Homemaking, Wife Wisdom

How To Serve Your Spouse Through Homemaking

“Honey, you’re such a great homemaker,” my new husband told me after a long day of unpacking boxes and wiping down baseboards.

When you think of the term “homemaker”, what comes to mind? Is it a title reserved for stay-at-home-moms, a term that seems like it belongs in the 1950’s, or maybe a desirable vocation?

Who Cooks At Home Anymore, Anyways?

Say “homemaker” and automatically one of the first things that come to mind is amazing all-from-scratch cooking abilities. I am definitely not a food blogger (I just play one in my kitchen – I apologize to my husband for insisting on talking ALL the food pictures) but it’s no secret I have a passion for creating tasty meals and treats. I grew up in a family who loves their passed-down Italian recipes and has a borderline unhealthy obsession with pasta sauce. I spent a lot of my childhood in the kitchen: helping my mom shape pierogi for Christmas Eve dinner, rolling out meatballs or cavatelli with my dad, and sometimes being reprimanded by my grandpa for not seasoning the sausage quite right.

So many people eat out for almost every meal simply because they don’t know how to cook. My family included me in the meal making tasks growing up, but I didn’t fully acquire true kitchen “skills” (I hesitate to even call it that – I’m really not fancy, I promise!) when I was on my own in my college years. I had a filet mignon appetite with a hungry piggybank, so I had no choice but to study how to make unique, delicious recipes I was unfamiliar with. Once I had carefully followed the steps several times they became second nature to me, not daunting and stressful.

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I made pizza for a late dinner after one of my first dates with my now-husband (outdoor gun range). I was so excited to show off my dad’s homemade dough recipe (that I talked up the whole ride home), but after the first bite, I realized I had forgotten the key ingredient: shortening. Talk about a major fail. But from that first meal of cardboard-textured pie, we discovered cooking was a hobby we shared. That pizza recipe has changed quite a bit over the past two years and is truly a work of art that reflects us as a couple.

Maybe your cooking skills are worthy of being in the next season of Chopped, or perhaps you struggle knowing how much food to prepare for guests. The kitchen has always been a place in the home I loved to pour my creative skills into, and will likely forever be my favorite home skill to improve on. But when I became a wife, I learned my passion for whipping up recipes just scratched the surface of what it truly means to be a homemaker.

Melissa Couture Photography

My Passion for My Home

No one warned me that when you get married your laundry doesn’t double – it most definitely triples. Let’s face it – sometimes housework isn’t fun at all (I’ve never heard anyone say their favorite hobby is cleaning toilets). But how does someone keep going through all the mundane chores and take care of their home with a cheerful attitude? It turns out homemaking really isn’t about the organization of things, the money you plan to spend, or the food you’re preparing.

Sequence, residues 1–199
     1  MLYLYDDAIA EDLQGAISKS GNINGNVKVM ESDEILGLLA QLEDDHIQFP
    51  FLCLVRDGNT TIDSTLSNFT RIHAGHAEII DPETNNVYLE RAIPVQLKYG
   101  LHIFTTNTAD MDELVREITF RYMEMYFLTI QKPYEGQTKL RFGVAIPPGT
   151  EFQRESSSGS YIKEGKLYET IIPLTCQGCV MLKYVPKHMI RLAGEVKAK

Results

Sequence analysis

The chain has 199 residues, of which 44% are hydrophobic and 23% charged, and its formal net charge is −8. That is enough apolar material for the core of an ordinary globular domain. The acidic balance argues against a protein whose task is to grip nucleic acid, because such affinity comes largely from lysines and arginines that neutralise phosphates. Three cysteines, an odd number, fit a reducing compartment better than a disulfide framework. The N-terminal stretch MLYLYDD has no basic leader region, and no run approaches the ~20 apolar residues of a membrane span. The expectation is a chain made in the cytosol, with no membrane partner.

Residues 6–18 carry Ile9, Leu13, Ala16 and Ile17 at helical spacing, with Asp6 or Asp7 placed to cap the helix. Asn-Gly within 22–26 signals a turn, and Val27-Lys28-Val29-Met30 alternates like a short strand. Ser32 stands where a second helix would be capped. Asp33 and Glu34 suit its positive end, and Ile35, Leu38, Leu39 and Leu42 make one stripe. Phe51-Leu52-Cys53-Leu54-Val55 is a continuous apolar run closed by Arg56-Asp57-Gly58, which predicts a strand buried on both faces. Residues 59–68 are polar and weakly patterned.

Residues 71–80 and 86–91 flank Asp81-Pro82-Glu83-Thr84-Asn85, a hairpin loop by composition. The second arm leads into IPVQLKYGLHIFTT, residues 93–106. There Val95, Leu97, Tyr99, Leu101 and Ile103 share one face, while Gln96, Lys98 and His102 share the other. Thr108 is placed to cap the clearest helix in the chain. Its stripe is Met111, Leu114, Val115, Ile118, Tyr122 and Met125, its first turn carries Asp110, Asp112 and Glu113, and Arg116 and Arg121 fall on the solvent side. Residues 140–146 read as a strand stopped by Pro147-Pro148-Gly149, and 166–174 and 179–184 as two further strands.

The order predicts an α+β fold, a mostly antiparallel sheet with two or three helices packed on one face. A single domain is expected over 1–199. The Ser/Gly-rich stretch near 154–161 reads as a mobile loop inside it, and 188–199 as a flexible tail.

Homemaking is an art that is not only practical but one of the best ways to serve your spouse.  As a newlywed I quickly found fulfillment in caring for my home because it isn’t about the house itself (although I do desire a clean, organized space to live in) – it is all about serving the person whom I love most. And by utilizing my God-given talents and abilities, I’m living out my calling from Jesus; by stewarding the resources he’s given me, loving my husband, and pouring into my daily chores as an offering to the Lord and the person he’s given me to love! Homemaking doesn’t have to look like the negative stereotypes that circulate throughout our culture. When you have this purpose behind what you’re doing, you’ll find true fulfillment in it all – even if you’re simply picking up shoes or wiping down countertops.

Whether you hold a vocation outside of the home, or your primary job is taking care of your children, homemaking isn’t just a hobby – it is truly meant to be a lifestyle. It is a place to let your creativity explore and your thoughts come alive. Cooking, keeping a clean house, keeping track of your finances, and decorating your home is only as intriguing as you make it. You don’t have to aspire to become Mrs. Betty Crocker (who isn’t even real, by the way) or have a white-glove-clean living room, but you can find enjoyable ways to serve your family well in the space you live your life in.

Don’t let the title of “homemaker” scare you off. It’s not too early for the single girl to start (you’re reaping the benefits of your work here, too!) and it’s never too late for a mama to begin. Cultivating a home environment is a rewarding experience that will communicate love to your spouse and family and be welcoming to the visitors passing through.






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